i mentioned i was interested in getting into kite aerial photography with odin so first things first, we needed to build a rig and test it out. as i mentioned in previous post “kite aerial photography 101” rig seemed about my speed – not too complicated and not too expensive and looks like it takes great pictures.
so we built a simple rig out of an 18″ bookshelf bracket, some large clips, a few key rings and string and decided to beta test the setup to see if the kite could generate enough lift with a test camera that didn’t actually work so we wouldn’t feel too bad if we crashed the kite.
but first, we wanted to test the kite with the bracket attached to the kite via about 50 feet of string but without a camera attached.
much to my surprise even with out little 4 foot delta kite – it worked !
i highlighted the bracket with a red rectangle to make it a little easier to see.
here’s another view of the maiden flight sans camera. letting the bracket swing 50 feet from the kite ( highlighted in red ) i think helps dampen the vibration down the string which is how you’re able to get such good images without complicated set-up but it does make it a little more difficult to get the camera really high up the air when you only have 150 feet of kite string! clearly we need more kite string 🙂
then we attached the non-functional camera and shortened the distance between the kite and the camera to around 30 feet to see if the camera/bracket swayed any more erratically than with 50 feet ( it didn’t ). i’m sure when we start taking photos we’ll need to do some experimentation to get the an optimal distance for clear images.
even with the added weight of the camera, the little delta kite generated enough lift to take the camera up in a relatively tame wind. i think the rig we have will be fine for similar sized point and shoot cameras but we’d definitely want a larger kite if we were going to send up a dslr.
we used a simple key ring to attach the rig to the kite. easy peasy to put on and take off!
the other end of the string that is connected to the kite is attached to a simple hanger fashioned from metal wire with another key ring.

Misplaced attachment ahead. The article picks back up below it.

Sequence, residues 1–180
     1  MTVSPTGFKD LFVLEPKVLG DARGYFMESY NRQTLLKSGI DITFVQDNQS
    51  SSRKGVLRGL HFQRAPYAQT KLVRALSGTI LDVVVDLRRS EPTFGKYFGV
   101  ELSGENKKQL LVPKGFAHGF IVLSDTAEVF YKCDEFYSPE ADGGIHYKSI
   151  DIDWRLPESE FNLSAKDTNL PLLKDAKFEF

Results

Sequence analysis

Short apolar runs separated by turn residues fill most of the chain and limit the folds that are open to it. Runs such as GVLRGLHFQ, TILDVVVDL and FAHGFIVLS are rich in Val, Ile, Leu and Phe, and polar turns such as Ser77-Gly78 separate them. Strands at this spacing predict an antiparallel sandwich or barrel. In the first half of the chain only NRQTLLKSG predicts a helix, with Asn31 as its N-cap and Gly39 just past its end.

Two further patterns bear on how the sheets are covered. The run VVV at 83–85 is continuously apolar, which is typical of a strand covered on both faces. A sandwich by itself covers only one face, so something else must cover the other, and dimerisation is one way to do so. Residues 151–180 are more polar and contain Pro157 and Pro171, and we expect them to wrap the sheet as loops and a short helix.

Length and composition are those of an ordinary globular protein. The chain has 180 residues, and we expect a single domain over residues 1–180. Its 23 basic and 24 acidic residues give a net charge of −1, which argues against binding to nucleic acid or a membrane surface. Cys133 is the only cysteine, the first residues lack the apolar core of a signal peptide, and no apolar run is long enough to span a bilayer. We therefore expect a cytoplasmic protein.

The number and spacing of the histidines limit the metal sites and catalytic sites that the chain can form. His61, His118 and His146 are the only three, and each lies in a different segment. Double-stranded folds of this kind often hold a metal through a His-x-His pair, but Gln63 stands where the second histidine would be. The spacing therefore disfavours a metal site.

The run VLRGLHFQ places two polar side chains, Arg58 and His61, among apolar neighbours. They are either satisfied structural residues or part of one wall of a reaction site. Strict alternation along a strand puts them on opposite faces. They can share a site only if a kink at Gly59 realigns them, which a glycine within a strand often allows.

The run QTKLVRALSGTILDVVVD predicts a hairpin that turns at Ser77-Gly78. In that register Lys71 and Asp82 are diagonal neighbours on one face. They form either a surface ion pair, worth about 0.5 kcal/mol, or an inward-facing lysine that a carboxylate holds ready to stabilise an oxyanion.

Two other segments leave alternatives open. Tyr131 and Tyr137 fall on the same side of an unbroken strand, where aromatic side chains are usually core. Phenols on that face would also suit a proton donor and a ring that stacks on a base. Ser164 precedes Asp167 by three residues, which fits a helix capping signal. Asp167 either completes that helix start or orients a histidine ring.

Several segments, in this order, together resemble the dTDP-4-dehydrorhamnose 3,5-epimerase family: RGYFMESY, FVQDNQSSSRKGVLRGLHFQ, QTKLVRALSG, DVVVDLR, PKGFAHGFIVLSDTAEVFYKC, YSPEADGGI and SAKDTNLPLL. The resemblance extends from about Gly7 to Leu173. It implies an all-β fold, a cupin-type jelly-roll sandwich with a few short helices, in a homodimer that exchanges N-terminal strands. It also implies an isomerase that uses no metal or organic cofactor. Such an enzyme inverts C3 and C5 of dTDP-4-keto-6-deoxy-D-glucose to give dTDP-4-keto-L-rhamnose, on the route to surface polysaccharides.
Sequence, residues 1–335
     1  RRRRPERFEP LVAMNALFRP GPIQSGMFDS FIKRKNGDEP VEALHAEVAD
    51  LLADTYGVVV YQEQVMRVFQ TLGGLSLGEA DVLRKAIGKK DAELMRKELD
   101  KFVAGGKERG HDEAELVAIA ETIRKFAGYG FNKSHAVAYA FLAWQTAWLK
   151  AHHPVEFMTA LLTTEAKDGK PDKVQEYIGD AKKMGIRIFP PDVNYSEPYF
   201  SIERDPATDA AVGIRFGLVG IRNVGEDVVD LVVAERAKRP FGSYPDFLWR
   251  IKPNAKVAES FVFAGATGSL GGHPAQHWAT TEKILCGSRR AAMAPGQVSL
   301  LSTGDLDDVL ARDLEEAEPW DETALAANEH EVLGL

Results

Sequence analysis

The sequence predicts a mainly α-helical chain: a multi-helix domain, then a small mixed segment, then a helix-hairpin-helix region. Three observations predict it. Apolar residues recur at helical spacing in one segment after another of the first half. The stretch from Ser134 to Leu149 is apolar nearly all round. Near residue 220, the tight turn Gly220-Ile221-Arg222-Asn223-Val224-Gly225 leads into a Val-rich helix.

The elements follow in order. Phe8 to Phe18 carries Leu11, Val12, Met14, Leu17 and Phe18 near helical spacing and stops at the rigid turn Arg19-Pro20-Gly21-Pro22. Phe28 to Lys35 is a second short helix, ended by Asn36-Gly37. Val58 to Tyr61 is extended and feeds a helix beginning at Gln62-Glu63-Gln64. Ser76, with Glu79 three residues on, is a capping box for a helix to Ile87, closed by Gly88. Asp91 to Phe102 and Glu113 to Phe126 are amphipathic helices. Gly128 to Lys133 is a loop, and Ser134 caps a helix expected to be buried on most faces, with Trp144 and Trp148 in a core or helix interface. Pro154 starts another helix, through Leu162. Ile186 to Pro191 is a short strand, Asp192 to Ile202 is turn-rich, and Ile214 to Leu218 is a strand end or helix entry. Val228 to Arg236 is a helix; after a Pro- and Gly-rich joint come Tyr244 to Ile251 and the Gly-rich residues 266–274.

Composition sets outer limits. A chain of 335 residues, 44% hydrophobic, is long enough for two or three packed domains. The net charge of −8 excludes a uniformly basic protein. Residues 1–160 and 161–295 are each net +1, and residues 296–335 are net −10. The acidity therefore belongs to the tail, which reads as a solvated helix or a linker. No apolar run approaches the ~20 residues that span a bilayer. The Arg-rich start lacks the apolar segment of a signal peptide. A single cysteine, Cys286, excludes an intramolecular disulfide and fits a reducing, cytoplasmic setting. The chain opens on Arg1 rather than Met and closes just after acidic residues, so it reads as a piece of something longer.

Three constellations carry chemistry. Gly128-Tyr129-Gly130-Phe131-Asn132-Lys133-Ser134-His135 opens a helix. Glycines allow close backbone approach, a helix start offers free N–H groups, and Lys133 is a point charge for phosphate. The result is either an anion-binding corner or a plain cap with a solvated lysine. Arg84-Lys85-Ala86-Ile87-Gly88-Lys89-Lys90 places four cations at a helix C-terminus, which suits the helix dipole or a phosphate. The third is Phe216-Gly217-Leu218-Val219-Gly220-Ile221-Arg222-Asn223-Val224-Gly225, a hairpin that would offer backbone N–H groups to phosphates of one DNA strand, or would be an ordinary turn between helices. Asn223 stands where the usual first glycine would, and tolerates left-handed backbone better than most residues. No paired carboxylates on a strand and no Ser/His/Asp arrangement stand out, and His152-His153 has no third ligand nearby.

and here’s the business end of the rig which is attached to the hanger. it’s simply a bookshelf bracket with oversized clips attached with a some metal wire twisted through the bracket slots and a few key rings. very, very easy to put together and quite affordable for a test rig.
the camera is attached via the tripod mount on the bottom of most cameras with an appropriately sized screw. as you can see, the nice think about the book shelf bracket is that it already comes with slots or attached more cameras 🙂
as i mentioned the beta test was with a non-functional camera so we wouldn’t feel too badly if we crashed the kite and ruined the camera. next, i need to find a functioning camera that cheap enough that i still won’t feel too bad about wrecking if we have a crash but that has the ability to take interval shots ( e.g. take a shot every 30 seconds ) which is normally a feature reserved for higher end cameras.
it turns out the canon hack development kit lets you add that feature to just about any canon camera, even an aging point and shoot.
so who has and old canon point and shoot sitting around gathering dust that they’d like to donate to our kite aerial photography adventures?
some of you might be asking why on earth we’re doing this? here’s a great gallery of spectacular kite aerial photos that gives a good flavor of the types of images we’re hoping to capture.